When it comes to online trade or transaction of money, PayPal is still a name bigger than anyone else. Sure there are quite a good number of PayPal alternatives  but none of them have the trust factorPayPal commands.

Since March 1st 2011, PayPal has been giving a chain of headaches to Indian users. They practically screwed Indians by locking the exit door for payments and according to the new rule no Indian PayPal user can use funds from his/her PayPal account to buy goods, pay bills or send the money to any other PayPal user. All the funds in your PayPal account must be withdrawn to your Bank account within 7 days or else the payment will be returned to the sender.

The next rule plunged the final nail in the coffin   – Indian PayPal users can not receive payments that are more than $500. A single transaction from any PayPal account to the PayPal account of an Indian user must not cross $500. This rule is still in effect, so a lot of freelancers and web workers are still under The PayPal curse.

However, PayPal has been silently tweaking their fund withdrawal system for the past couple of weeks. First they introduced an auto-withdrawal system for Indian users which will automatically withdraw all the PayPal balance to your Bank account. This is magic but there is a slight disadvantage, in case you frequently get small payments in your PayPal account.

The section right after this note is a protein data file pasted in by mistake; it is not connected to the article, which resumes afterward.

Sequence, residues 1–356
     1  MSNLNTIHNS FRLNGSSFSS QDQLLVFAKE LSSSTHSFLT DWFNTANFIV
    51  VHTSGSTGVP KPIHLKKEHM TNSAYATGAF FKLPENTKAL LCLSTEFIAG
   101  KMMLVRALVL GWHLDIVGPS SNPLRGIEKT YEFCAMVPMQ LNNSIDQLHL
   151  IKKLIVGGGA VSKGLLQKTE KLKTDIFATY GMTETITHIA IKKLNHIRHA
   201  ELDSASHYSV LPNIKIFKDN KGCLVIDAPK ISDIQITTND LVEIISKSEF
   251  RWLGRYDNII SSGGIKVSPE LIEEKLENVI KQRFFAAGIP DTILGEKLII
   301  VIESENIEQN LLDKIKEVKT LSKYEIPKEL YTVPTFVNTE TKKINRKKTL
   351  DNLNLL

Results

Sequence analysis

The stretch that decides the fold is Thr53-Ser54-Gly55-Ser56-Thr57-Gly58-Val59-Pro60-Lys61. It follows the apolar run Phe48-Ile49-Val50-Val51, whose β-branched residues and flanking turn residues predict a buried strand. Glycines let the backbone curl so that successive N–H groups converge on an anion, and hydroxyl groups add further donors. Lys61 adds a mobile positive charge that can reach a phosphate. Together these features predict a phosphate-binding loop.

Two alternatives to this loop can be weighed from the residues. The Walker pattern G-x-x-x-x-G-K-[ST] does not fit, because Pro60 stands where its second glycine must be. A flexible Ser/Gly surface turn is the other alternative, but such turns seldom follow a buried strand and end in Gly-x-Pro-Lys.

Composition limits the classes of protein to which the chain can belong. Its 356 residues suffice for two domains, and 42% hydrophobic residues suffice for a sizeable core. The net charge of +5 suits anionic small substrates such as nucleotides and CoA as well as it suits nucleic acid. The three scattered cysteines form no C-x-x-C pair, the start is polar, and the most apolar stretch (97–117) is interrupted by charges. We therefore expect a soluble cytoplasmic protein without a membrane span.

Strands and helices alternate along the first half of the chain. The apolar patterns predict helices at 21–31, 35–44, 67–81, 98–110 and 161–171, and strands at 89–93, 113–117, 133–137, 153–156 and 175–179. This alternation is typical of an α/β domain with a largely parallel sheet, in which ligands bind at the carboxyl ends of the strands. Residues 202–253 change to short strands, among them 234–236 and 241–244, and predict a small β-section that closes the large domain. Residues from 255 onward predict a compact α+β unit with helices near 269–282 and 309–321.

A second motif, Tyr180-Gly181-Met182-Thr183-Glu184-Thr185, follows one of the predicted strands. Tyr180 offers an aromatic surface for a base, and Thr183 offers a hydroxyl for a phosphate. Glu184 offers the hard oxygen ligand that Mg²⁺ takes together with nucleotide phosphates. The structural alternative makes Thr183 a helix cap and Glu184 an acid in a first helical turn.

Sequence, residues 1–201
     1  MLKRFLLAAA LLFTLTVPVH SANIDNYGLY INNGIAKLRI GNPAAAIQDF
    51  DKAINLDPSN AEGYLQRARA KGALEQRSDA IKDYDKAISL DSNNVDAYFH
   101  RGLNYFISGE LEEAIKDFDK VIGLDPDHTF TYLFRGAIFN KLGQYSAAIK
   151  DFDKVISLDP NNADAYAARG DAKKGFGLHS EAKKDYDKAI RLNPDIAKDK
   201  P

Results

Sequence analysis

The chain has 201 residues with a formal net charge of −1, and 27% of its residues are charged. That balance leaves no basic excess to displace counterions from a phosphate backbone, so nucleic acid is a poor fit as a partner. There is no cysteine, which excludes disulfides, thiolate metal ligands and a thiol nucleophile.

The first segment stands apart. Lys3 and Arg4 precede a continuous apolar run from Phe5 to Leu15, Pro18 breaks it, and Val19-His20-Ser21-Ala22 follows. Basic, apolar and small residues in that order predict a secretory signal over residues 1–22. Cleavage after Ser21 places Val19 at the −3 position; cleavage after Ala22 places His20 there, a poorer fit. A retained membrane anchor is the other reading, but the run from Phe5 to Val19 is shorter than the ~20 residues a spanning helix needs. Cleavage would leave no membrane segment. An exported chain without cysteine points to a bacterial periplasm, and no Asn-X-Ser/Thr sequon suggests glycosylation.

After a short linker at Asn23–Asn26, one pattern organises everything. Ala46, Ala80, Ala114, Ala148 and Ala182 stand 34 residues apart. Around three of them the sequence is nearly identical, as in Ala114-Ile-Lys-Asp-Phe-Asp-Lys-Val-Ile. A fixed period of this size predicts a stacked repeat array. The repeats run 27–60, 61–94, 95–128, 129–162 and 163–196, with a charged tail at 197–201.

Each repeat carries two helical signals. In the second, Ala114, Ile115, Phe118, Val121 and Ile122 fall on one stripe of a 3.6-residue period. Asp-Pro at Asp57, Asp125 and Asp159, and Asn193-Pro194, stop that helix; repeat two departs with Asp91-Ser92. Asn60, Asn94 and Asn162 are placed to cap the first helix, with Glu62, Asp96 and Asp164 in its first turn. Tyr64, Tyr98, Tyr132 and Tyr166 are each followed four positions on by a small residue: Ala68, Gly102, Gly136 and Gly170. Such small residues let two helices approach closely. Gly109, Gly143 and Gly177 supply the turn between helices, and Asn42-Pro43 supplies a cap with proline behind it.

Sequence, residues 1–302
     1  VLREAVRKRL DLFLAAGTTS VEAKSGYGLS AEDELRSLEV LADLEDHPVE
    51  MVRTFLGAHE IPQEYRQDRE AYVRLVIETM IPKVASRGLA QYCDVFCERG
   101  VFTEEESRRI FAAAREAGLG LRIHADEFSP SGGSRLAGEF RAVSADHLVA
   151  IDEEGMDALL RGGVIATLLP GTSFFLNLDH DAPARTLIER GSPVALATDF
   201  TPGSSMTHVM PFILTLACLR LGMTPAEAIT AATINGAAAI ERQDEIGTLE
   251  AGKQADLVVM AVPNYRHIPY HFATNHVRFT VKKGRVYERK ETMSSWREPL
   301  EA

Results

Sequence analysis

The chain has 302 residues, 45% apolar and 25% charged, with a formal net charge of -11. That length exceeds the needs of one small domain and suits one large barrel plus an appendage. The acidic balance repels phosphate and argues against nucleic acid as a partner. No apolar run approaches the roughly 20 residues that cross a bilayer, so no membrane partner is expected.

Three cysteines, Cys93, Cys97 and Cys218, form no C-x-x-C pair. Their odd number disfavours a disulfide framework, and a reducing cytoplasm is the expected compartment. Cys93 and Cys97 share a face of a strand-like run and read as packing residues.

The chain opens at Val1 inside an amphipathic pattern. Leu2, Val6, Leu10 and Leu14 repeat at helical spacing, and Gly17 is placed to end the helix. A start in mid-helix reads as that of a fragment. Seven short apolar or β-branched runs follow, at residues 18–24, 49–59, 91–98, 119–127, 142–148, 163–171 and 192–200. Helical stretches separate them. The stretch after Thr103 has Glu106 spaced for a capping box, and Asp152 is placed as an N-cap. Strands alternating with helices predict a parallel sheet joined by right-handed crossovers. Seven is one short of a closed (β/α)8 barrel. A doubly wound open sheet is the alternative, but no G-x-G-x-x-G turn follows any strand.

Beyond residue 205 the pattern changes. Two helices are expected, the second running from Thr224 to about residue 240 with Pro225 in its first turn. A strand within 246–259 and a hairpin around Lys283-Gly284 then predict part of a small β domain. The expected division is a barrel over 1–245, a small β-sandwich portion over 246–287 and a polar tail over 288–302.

PayPal charges a withdrawal fee of INR 50, for every fund withdrawal that’s below INR 7000. So if you receive INR 2000 on 1st, INR 3000 on 4th and INR 4000 on 6th you lose an amount of INR 150. This is because the auto-withdrawal system will automatically refund the money within one day and since each of these amounts are less than INR 7000, a withdrawal fee of INR 50 will be charged for every fund withdrawal request.

You could have saved that INR 150, if you withdrew all the money on 6th as the gross amount is more than INR 7000. Agree that the withdrawal fees is a meager amount but would you tear a $1 or 10 rupee note every other day? There is no point in losing your money in thin air however large or small it might be.